We need to admit it.  We are afraid, then we need to talk about it, and then feel it….. we then need to change our own behaviour that frightens others; we cannot think when we are afraid”.  Nancy Kline

Here’s some fears that have walked along side me from time to time

Fear of getting it wrong

Fear of getting it right
Fear of being foolish
Fear of not fitting in
Fear of not being loved
Fear of being vulnerable
Fear of being judged
Fear of not being enough
Fear of failing
Fear of falling
Fear of crying
Fear of dying
Fear of the future
Fear of the past
When we are scared, when fear takes hold
We can’t move, we can’t be bold

Cold fear, stone like fear, sweaty like fear, night terror fear, silent fear, angry fear, fearful fear.  Ignored and buried fear.  Fear of fear.

This is what I know.

You will certainly cry at some point and most definitely will die.  You will fall, fail, be rejected, get it wrong, know too much, and not know enough.  You may offend someone, you probably will upset someone, someone will know more than you, and someone may dislike you.

We all harbour fears.  They can turn into debilitating anxieties that are visible stress, anxiety attacks, phobias.  They can exist within us as our secret doubts and worries.   Oh man, they can get in the way.  They can be the persistent grit in the eye, the muscle in the throat, the tiny secret voice stopping us from being our whole-hearted selves.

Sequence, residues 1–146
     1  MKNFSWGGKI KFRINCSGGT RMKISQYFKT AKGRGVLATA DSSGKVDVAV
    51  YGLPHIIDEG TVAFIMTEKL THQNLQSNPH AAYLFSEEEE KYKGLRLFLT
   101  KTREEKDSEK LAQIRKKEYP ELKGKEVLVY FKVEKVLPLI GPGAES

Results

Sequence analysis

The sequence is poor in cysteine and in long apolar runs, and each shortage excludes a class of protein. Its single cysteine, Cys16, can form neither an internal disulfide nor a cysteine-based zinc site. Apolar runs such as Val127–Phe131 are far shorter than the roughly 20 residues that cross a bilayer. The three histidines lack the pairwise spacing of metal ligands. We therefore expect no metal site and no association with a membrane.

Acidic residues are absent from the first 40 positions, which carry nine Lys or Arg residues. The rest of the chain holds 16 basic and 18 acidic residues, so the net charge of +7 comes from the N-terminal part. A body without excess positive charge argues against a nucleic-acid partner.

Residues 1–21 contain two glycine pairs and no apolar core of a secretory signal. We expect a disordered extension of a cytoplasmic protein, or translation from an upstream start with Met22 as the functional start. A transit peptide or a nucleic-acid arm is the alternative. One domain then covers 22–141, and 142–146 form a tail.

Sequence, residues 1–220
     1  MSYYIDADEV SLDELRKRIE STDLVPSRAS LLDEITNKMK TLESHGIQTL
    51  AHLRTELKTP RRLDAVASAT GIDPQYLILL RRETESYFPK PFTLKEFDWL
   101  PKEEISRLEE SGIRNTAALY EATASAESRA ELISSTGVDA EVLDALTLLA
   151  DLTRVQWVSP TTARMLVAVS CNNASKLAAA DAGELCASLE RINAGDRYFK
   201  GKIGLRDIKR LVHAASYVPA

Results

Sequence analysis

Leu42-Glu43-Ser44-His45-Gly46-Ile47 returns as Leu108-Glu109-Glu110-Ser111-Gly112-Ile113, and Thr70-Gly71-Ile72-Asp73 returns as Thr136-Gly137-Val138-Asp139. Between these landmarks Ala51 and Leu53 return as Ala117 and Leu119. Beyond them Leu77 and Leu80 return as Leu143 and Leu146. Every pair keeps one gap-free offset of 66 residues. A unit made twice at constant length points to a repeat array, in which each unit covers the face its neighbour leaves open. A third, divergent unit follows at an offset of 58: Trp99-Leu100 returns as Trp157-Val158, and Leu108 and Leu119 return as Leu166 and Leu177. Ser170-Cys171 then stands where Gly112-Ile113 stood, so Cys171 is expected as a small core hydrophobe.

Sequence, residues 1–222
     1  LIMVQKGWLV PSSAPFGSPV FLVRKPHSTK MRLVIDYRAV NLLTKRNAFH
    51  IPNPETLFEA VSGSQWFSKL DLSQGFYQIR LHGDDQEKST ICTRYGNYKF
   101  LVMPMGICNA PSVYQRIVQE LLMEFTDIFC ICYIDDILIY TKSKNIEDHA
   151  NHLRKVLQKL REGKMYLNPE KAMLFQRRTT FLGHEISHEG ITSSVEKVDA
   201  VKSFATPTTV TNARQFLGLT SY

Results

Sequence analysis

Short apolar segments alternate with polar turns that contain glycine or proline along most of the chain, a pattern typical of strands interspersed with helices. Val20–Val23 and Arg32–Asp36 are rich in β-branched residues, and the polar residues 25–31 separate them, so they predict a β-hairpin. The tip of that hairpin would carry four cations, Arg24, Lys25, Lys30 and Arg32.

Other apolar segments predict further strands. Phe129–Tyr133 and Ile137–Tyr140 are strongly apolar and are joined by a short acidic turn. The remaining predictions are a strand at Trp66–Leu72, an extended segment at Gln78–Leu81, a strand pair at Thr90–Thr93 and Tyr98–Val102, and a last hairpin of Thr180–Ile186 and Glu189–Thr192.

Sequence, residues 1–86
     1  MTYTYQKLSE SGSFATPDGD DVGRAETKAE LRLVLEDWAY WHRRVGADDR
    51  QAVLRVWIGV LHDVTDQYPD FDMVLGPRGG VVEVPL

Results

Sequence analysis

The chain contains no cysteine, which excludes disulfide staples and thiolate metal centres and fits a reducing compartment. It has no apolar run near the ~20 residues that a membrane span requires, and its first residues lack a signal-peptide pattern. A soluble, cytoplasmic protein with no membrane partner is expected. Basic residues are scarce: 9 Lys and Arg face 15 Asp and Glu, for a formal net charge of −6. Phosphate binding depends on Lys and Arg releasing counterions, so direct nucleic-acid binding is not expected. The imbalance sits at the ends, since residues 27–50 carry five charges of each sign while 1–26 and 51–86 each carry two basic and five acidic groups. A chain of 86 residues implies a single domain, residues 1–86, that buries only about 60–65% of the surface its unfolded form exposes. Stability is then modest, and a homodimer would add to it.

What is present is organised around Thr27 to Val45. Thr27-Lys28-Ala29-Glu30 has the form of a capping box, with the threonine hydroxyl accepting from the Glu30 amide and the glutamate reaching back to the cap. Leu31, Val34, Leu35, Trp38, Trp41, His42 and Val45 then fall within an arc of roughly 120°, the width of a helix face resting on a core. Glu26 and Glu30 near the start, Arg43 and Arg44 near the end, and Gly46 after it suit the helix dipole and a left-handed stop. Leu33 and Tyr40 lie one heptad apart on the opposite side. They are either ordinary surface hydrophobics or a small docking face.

When we lecture, advise, tell others about change management; where we meet resistance – we we are dealing with fears, I’ve listed some above, (other fears are available). When we talk about culture, coaching, and the relationship aspects of work; often at the heart is resistance, reluctance, recalcitrance – some version of fear.

If our own fears are discounted, dismissed, ignored – I’m guessing we’re probably going to do the same with others’.  Because working compassionately with others requires us to have compassion with ourselves.

Fear is in all the work; I’m reflecting a lot.  Moved into OD in 1996 and before that, managed many people.  20 years, and so much fear in us.  So much of people not speaking up. We don’t create the conditions for them to do that, because we ignore fear.

I see so much irritation and frustration around change at work. What do we do when someone we love shares a fear?  Comfort, reassure, listen, encourage, and hold them in some way?  At work I see ignoring (denial), discounting, dismissing and distancing, more than I see their kind counterpoint.

If people are scared of change, the future, the unknown, then they can be comforted by information, reassured by training, listened to with respect, encouraged by offering belief in their capacity to grow and survive, and held by a system that acknowledges there is a “felt” experience that goes with the territory of the corporate world.